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Dr. Bob
Dr. Bob, Veterinarian
Category: Bird Veterinary
Satisfied Customers: 7938
Experience:  35 years in general practice, including avian.
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I have a baby hadeda that is taking earthworms very well

Customer Question

I have a baby hadeda that is taking earthworms very well with a little water, the question is this adequate and should I give it something else?
Submitted: 1 year ago.
Category: Bird Veterinary
Expert:  Dr. Bob replied 1 year ago.

Hello I'm Dr. Bob. I apologize for the length of time this reply has taken to get back to you. Yours is a very good question as a bird's diet is extremely important to their health and well-being. Do you have any idea how old your bird might be, and how long have you had him? (Also, is his name "Kerry Frost", or is that your name?)

Customer: replied 1 year ago.
His/her name is Heidi! We have found her on the back lawn just sitting there so we watched for three hour spel just keeping her safe and hoping the mum would solve the issue, this didn't happen and then we picked her up and are trying to keep her going. She has primary feathers that are still encased, she loves the earth worms.
Customer: replied 1 year ago.
I have had her only two days. Her stool is a bit watery so I adjusted the water I was giving by syringe. I am now feeding 5fat worms and 2.5ml water every 2 to three hours. Is this enough and how do I know when a bird is satisfied.?
Expert:  Dr. Bob replied 1 year ago.

Thank you, Kerry (I assume!). Sorry again for the delay in getting back to you, i've been in transit driving to my clinic.

Are you located in the U.S.?

Customer: replied 1 year ago.
No in South Africa, on the east coast, near Durban.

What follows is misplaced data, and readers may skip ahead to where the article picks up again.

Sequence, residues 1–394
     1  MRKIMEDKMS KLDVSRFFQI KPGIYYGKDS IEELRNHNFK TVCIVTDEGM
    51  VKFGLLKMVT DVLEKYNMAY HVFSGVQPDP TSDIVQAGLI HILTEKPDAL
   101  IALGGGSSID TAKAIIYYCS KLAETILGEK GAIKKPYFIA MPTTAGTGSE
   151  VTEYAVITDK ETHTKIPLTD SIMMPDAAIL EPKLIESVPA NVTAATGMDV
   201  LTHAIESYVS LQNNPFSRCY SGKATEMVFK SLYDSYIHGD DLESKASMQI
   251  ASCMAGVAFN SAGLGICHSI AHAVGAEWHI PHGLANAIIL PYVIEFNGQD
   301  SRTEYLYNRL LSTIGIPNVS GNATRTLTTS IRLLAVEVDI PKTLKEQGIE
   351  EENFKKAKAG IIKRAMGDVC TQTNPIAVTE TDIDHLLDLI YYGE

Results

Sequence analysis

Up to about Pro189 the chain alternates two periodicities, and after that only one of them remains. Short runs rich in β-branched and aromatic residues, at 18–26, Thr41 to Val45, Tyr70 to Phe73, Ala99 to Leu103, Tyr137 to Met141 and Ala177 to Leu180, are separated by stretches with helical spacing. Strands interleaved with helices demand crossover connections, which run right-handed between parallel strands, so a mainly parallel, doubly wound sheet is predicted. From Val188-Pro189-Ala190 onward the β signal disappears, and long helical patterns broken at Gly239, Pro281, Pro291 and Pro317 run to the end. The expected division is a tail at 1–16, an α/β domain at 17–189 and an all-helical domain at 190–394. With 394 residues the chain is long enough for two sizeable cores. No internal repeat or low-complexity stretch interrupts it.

Expert:  Dr. Bob replied 1 year ago.

I wondered about that, knowing that your bird was native to that area. The information I was given listed your residence as "U.S.". We have regulations here that prevent us from keeping wild animals, even orphans, as pets without a permit from the state. I'm not sure of the rules there, but it is something you may want to find out about to avoid a problem.

Ibis are primarily carnivorous, so you're right on-track with earthworms. However, it's good to offer a bit of variety to be sure Heidi is receiving all the nutrients she needs as she's growing. Dry dog food or cat food, soaked in water, should be readily accepted. Beef or mutton heart is a particularly good source of high quality protein and other nutrients. This can be cut into small cubes and fed raw. Any kind of fish, shrimp, or small reptiles may be especially welcomed and will help her learn what kinds of food for which to forage on her own. Be careful when in close quarters with her as she matures, since Hadedas may become a bit rowdy, especially at feeding time. Wearing eye protection when handling her would be a good idea to help avoid possible injuries. Vitamin and mineral powders can be added to her food to assure proper nutrition. You should be able to purchase these from poultry supply stores or online. A vitamin A and K supplement plus a mineral supplement should do just fine, use as the package directs for chickens - it's the same dose for both. Hopefully I've covered everything, but if you should have any additional questions, please let me know, I'll be happy to answer them for you.

Kind regards, ***** *****

Customer: replied 1 year ago.
Thank you, ***** ***** concerned about quantity and water though thanks Kerry
Expert:  Dr. Bob replied 1 year ago.

Hello again, Kerry. Feeding Heidi near a large water bowl will allow her to dip her food, which many Ibis seem to like to do. She'll get plenty of water with her food and on her own. As for amounts, you probably can't overfeed her as growing birds have ravenous appetites and tremendous metabolic requires for energy, maintenance and growth. Unless her droppings should seem to be very voluminous or watery (some irregularities should be expected with a diet change, but should return to normal within three to five days). Feeding her small amounts hourly for the first two weeks is the best way to assure adequate nutrition and prevent crop impactions from self-gorging. They will usually regurgitate if they eat too much at one time, but feeding small portions often helps smooth the feeding process. The total amount consumed may be truly impressive, and you'll probably be grateful that you don't have to constantly obtain earthworms for her! If you still have questions, please let me know.

Best regards, *****

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